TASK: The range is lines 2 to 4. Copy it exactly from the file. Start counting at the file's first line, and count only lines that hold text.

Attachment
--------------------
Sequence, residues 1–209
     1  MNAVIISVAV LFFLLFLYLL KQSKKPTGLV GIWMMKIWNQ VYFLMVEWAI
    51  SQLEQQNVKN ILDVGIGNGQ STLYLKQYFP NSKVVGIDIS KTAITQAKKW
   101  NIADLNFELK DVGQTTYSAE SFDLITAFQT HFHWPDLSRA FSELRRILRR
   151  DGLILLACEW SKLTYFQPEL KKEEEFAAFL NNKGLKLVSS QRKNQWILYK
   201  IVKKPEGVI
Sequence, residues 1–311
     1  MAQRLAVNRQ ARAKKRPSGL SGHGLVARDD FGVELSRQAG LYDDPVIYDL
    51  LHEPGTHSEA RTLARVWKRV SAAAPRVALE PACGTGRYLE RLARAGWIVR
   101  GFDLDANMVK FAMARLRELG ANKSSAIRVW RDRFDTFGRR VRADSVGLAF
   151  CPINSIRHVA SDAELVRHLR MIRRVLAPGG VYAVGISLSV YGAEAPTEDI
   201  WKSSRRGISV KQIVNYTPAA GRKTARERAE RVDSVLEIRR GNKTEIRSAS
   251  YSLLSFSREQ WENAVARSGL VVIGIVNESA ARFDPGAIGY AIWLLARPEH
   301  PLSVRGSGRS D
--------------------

     1  MNAVIISVAV LFFLLFLYLL KQSKKPTGLV GIWMMKIWNQ VYFLMVEWAI
    51  SQLEQQNVKN ILDVGIGNGQ STLYLKQYFP NSKVVGIDIS KTAITQAKKW
   101  NIADLNFELK DVGQTTYSAE SFDLITAFQT HFHWPDLSRA FSELRRILRR